The UK may be able to launch a Covid vaccination campaign before the end of the year, the chair of the UK vaccine taskforce has confirmed.
Vaccines pre-procured by the UK Government are already being manufactured, with the NHS set to be able to start administering them as soon as they are approved for use, she said.
This includes four million doses of the UK leading vaccine candidate, and 10m doses of a vaccine being developed in the US, which should be ready to go ‘by the end of the year’.
Further doses are expected ‘by Easter’ next year.
Giving evidence to the joint House of Commons and Lords science committees yesterday (5 November), UK Vaccine Taskforce chair Kate Bingham said that the UK vaccine being developed by the University of Oxford, and Pfizer’s candidate being developed in the US, would likely report on efficacy before 2020 ends.
But she suggested finding enough staff to administer the jabs would be more of a problem than securing vaccine supply.
Ms Bingham said it was the responsibility of the Department of Health and Social Care to organise administration of the vaccine, but warned: ‘We’re going to have more vaccines than we’re going to be able to deploy, is my expectation.’
The news comes as the Pharmacist’s sister title Pulse exclusively revealed that the NHS is preparing GPs to be able to kick start a vaccination campaign as soon as a vaccine is approved – possibly targeting the very elderly and frontline workers as early as December.
Under new legislation, the MHRA can sidestep European regulations and grant a temporary license for a vaccine to be immediately used in the UK.
The new laws also offers some protection to pharma companies with regards to civil liability for bringing to market an unlicensed vaccine.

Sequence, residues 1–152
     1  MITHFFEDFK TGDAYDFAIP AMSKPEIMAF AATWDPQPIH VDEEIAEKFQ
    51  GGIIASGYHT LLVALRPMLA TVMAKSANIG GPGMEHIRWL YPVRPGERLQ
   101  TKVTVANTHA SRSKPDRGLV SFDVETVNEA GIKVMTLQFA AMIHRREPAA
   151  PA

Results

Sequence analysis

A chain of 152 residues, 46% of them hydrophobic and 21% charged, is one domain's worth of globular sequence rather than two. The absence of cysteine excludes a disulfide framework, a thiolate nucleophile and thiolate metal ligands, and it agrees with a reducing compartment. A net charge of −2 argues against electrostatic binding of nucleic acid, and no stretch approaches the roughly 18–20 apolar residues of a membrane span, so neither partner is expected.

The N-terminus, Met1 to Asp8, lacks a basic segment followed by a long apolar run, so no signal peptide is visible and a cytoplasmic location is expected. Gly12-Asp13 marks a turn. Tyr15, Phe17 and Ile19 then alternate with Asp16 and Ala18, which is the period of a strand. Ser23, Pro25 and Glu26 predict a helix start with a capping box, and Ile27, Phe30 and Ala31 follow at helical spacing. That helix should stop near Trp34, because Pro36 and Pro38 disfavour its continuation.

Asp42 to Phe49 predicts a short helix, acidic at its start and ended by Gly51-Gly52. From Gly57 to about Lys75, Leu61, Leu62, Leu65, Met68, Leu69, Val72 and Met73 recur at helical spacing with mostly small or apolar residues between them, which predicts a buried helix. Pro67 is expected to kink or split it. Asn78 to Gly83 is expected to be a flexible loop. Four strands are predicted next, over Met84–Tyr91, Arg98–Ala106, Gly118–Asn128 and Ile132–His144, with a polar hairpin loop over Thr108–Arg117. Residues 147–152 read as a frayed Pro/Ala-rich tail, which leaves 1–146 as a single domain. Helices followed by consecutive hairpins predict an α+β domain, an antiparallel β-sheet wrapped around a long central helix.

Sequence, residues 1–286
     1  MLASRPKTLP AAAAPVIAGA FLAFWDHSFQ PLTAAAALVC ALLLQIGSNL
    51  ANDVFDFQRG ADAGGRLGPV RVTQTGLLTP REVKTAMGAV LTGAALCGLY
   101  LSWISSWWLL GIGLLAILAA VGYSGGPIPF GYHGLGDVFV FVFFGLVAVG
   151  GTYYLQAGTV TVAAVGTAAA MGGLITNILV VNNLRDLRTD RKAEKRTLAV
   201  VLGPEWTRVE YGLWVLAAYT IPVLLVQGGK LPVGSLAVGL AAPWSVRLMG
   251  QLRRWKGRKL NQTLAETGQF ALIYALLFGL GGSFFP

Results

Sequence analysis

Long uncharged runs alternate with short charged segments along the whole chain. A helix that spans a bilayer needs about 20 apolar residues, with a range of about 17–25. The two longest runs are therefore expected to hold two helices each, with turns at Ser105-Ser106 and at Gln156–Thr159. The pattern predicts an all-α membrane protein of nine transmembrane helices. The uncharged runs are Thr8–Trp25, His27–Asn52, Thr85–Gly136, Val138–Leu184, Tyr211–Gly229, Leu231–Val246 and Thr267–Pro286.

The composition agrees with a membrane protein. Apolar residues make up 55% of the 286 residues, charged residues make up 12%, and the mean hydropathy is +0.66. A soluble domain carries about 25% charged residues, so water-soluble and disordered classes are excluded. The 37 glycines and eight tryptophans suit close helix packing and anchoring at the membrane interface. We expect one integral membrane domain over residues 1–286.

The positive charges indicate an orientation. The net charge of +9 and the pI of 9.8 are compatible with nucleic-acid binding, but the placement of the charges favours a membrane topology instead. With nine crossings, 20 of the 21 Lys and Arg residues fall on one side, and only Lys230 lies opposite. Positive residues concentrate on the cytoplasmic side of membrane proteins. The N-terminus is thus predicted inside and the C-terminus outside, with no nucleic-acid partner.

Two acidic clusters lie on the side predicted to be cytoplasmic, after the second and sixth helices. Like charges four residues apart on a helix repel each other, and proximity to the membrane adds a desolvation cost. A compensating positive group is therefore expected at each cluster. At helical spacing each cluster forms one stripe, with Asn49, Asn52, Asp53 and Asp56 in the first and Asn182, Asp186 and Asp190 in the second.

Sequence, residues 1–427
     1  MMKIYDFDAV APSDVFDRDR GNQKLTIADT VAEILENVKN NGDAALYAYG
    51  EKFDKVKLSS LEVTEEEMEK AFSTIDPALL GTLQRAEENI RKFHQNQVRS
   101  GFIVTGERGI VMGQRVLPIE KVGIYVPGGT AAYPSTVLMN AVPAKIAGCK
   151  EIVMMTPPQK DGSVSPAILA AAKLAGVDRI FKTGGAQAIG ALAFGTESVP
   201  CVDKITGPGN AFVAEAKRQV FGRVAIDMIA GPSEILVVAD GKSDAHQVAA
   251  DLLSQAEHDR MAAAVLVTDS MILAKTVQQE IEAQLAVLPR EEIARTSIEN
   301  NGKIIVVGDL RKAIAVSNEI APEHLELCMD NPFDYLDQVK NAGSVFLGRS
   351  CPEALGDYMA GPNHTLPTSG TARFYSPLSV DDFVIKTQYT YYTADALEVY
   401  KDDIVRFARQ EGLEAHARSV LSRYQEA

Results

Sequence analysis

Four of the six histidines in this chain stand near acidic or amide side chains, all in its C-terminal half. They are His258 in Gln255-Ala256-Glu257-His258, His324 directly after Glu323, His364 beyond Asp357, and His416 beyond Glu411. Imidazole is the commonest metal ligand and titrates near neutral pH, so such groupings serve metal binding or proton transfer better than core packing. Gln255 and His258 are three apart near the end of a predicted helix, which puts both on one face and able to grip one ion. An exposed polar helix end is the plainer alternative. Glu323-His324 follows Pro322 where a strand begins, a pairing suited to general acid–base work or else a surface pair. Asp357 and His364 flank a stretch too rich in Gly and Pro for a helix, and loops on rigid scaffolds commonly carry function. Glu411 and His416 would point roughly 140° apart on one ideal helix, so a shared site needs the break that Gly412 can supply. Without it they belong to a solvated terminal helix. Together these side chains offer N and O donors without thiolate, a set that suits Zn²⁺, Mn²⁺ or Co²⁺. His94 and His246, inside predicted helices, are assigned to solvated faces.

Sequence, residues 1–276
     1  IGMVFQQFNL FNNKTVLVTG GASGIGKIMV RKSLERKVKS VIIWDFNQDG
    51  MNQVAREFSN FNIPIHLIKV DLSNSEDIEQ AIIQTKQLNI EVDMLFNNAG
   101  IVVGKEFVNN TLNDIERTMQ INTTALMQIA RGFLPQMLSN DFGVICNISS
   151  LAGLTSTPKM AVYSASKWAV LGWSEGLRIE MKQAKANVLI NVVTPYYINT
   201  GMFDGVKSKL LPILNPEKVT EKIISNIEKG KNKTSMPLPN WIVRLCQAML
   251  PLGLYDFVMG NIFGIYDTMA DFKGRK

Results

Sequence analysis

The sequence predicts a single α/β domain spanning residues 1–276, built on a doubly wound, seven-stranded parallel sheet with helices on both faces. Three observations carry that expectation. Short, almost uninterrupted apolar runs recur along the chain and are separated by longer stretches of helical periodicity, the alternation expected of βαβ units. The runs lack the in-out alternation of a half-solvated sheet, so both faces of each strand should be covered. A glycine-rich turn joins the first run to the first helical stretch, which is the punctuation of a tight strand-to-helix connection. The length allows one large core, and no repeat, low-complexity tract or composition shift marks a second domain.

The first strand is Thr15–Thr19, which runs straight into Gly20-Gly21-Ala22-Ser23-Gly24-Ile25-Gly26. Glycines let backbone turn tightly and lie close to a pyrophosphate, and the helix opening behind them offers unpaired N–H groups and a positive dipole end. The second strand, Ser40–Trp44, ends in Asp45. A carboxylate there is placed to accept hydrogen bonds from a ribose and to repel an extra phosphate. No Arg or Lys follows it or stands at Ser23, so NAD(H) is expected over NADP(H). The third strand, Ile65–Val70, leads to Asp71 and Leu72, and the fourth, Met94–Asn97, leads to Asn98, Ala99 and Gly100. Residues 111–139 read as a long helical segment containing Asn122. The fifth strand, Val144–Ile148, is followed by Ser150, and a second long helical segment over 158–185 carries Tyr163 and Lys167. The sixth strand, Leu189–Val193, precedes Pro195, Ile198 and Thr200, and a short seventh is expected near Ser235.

Role for pharmacy
Yesterday (4 November) at the NHS press conference on coronavirus, chief executive Sir Simon Stevens indicated that pharmacies will be part of the rollout of a Covid-19 vaccination service before the end of the year, if a vaccine should become available.
Alastair Buxton, PSNC director of NHS services, told the Pharmacist that the body was currently working with NHSE&I and DHSC to agree on how the pharmacy sector can play a part in the Covid-19 vaccination programme.
He said: ‘Community pharmacy teams have had a central role in the response to the pandemic so far, and this should continue as new treatments and vaccinations become available.
‘The success of the flu vaccination service highlights just how effective community pharmacies are in delivering key public health initiatives and means the majority of pharmacists are already trained in administering vaccines.’
Ms Bingham told the science committees that ‘we could be weeks away from the first interim review for the Oxford vaccine’.
‘And also within that timeframe we should be looking at the interim data from Pzifer… which has the possibility of being ready before the end of the year’, she said.
She added that the two candidates are ‘very different vaccines, but both in the where we should be able to look at first set of interim data this year’.
With regards to the Oxford vaccine, she said this was as yet in ‘bulk drug form, but added ‘we should have’ four million doses ‘by the end of the year’.
The University of Oxford has been working on developing a Covid-19 vaccine in cooperation with pharmaceutical giant Astra Zeneca, backed by millions in funding supplied by the UK Government.
The Government has also funded a vaccine trial being led by Imperial College London, which Ms Bingham said would be able to report on efficacy by the middle of next year.
The committee also heard that at this moment in time, Covid and flu vaccines cannot be co-administered, so it is a case of patients getting several jabs.
Discussing time frames, Ms Bingham said she was ‘50%’ confident that all vulnerable patients would have received a vaccine by next summer.
The UK has negotiated to secure 350m doses of six different vaccines in development worldwide, ‘obviously vastly in excess of what we need, because we are expecting vaccines to fail’, Ms Bingham said.
A version of this story first appeared on the Pharmacist’s sister publication, Pulse.